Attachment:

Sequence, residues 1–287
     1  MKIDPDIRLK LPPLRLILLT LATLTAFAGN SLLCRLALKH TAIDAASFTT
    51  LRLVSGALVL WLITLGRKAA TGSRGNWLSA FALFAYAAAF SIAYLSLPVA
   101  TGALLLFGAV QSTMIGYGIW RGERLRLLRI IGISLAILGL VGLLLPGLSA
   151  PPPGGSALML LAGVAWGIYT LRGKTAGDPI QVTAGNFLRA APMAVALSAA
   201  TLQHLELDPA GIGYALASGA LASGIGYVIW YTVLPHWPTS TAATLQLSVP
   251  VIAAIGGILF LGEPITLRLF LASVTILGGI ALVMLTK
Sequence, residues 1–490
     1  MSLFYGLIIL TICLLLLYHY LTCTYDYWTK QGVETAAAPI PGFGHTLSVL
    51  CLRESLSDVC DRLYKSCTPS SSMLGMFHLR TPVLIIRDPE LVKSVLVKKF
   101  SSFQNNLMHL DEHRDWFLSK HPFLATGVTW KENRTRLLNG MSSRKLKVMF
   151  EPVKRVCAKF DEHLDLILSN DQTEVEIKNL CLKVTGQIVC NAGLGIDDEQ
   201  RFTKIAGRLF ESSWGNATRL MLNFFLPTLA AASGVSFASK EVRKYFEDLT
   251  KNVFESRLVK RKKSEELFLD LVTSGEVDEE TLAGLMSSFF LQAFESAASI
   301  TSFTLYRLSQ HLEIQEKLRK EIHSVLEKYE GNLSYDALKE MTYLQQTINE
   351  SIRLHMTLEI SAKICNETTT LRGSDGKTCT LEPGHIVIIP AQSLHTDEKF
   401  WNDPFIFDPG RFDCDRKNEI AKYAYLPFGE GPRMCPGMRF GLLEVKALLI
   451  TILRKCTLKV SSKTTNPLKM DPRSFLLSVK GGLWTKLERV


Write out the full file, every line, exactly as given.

Sequence, residues 1–287
     1  MKIDPDIRLK LPPLRLILLT LATLTAFAGN SLLCRLALKH TAIDAASFTT
    51  LRLVSGALVL WLITLGRKAA TGSRGNWLSA FALFAYAAAF SIAYLSLPVA
   101  TGALLLFGAV QSTMIGYGIW RGERLRLLRI IGISLAILGL VGLLLPGLSA
   151  PPPGGSALML LAGVAWGIYT LRGKTAGDPI QVTAGNFLRA APMAVALSAA
   201  TLQHLELDPA GIGYALASGA LASGIGYVIW YTVLPHWPTS TAATLQLSVP
   251  VIAAIGGILF LGEPITLRLF LASVTILGGI ALVMLTK
Sequence, residues 1–490
     1  MSLFYGLIIL TICLLLLYHY LTCTYDYWTK QGVETAAAPI PGFGHTLSVL
    51  CLRESLSDVC DRLYKSCTPS SSMLGMFHLR TPVLIIRDPE LVKSVLVKKF
   101  SSFQNNLMHL DEHRDWFLSK HPFLATGVTW KENRTRLLNG MSSRKLKVMF
   151  EPVKRVCAKF DEHLDLILSN DQTEVEIKNL CLKVTGQIVC NAGLGIDDEQ
   201  RFTKIAGRLF ESSWGNATRL MLNFFLPTLA AASGVSFASK EVRKYFEDLT
   251  KNVFESRLVK RKKSEELFLD LVTSGEVDEE TLAGLMSSFF LQAFESAASI
   301  TSFTLYRLSQ HLEIQEKLRK EIHSVLEKYE GNLSYDALKE MTYLQQTINE
   351  SIRLHMTLEI SAKICNETTT LRGSDGKTCT LEPGHIVIIP AQSLHTDEKF
   401  WNDPFIFDPG RFDCDRKNEI AKYAYLPFGE GPRMCPGMRF GLLEVKALLI
   451  TILRKCTLKV SSKTTNPLKM DPRSFLLSVK GGLWTKLERV